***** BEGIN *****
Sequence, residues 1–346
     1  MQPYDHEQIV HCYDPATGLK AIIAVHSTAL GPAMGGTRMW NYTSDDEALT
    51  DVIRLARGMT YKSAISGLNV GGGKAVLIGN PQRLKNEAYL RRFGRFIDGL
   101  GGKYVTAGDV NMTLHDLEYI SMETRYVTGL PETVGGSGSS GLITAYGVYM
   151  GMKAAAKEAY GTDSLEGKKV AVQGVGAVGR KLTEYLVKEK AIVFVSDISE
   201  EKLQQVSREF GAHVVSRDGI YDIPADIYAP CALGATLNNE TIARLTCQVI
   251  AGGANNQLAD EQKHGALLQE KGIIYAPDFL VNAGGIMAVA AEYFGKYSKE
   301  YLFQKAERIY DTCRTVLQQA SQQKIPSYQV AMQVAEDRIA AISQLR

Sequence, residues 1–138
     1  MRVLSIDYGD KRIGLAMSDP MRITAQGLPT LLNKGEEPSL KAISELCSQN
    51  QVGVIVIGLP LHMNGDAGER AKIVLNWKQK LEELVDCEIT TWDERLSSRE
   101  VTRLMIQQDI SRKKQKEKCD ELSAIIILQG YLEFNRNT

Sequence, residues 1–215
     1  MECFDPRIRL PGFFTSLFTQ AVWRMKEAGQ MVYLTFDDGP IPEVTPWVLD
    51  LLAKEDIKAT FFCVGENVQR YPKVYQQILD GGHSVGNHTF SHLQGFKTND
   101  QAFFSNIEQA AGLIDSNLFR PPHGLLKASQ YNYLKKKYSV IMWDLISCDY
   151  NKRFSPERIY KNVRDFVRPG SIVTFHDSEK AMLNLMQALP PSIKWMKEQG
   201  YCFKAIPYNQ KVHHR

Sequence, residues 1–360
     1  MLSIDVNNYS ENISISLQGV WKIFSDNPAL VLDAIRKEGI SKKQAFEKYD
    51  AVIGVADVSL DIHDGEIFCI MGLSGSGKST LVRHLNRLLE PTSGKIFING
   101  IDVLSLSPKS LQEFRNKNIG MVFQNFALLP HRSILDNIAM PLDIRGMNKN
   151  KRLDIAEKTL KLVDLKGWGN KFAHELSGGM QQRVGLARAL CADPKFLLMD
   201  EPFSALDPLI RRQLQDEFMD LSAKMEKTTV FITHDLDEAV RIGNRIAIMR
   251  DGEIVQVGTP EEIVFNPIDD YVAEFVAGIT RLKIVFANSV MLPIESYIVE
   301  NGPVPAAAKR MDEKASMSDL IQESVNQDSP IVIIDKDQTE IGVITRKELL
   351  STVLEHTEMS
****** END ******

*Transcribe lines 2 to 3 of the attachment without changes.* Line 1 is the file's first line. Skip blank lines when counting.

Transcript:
     1  MQPYDHEQIV HCYDPATGLK AIIAVHSTAL GPAMGGTRMW NYTSDDEALT
    51  DVIRLARGMT YKSAISGLNV GGGKAVLIGN PQRLKNEAYL RRFGRFIDGL